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‘He never, ever let me down’: much-loved British grand prix horse dies at home

One of the most popular grand prix horses on the British circuit has died, aged 15. Talented Mr Ripley, a Holsteiner gelding by Nekton, was owned and ridden by Cornwall-based Georgia Stokes, who trained him up the levels from novice to international grand prix. He died at home on Friday (17 July), after suffering peritonitis.

“It was pretty horrific. On Wednesday last week he started eating again and we thought he was getting better, but then he went downhill fast,” Georgia told H&H.

“I slept on a camp bed in his box for a week, and my vet was incredible and tried everything, but we just couldn’t stabilise him, and he was in such terrible pain.”

One of Georgia’s most treasured memories of Ripley is their inter I victory at the Keysoe CDI3* in 2017.

“I felt like I’d won the Olympics that day – I just cried and cried. It was such an incredible moment,” remembered Georgia.

The pair stepped up to grand prix that same year, and have since earned numerous international top 10 placings both at home and abroad. In 2019 they made their Nations Cup team debut, representing Britain at the Uggerhalne CDIO4* in Denmark. Their final international competition was the Hartpury CDI in July 2019, where they finished eighth in the freestyle.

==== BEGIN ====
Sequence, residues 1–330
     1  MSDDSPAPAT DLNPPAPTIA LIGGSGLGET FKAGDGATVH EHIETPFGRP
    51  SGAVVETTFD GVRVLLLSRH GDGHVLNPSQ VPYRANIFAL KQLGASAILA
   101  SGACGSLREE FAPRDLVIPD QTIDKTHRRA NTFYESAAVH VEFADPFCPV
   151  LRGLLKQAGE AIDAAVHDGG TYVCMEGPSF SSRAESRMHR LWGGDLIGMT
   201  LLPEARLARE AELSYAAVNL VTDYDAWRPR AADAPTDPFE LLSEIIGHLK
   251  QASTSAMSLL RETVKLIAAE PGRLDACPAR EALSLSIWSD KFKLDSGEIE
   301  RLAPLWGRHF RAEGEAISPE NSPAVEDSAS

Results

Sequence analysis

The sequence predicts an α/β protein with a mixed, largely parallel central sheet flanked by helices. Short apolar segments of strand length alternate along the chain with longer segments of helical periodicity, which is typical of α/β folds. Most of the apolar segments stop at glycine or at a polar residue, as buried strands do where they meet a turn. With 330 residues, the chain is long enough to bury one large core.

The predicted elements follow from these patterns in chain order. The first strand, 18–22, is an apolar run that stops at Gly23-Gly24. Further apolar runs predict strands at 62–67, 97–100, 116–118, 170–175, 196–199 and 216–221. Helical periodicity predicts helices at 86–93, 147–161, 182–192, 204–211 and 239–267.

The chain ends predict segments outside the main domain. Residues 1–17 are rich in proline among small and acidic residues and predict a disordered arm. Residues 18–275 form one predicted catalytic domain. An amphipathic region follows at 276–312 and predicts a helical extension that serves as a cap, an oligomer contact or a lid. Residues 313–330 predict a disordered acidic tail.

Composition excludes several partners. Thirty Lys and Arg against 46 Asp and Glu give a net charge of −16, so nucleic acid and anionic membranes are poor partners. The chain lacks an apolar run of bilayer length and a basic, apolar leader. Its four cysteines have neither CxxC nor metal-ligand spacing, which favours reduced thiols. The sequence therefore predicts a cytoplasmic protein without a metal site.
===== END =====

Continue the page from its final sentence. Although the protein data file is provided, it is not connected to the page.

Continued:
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“He was just a total superstar. Getting picked for the Nations Cup team isn’t something I can even describe as a dream come true, because I never dreamt that could happen,” said Georgia. “He didn’t really have a weakness – his piaffe, passage and pirouettes were all amazing, and Carl Hester had helped us so much. Ripley had improved so much over the winter and through lockdown, and we were supposed to be running through the grand prix at Hartpury on the day he died.

“He had such a big personality and he never, ever let me down. He always tried for me, even when I didn’t know what I was doing. I feel so proud that he was my boy – I loved him so much and never took him for granted. It’s just harrowing, to think about not seeing his little face again. He was such a dear horse – a Cornish legend!”

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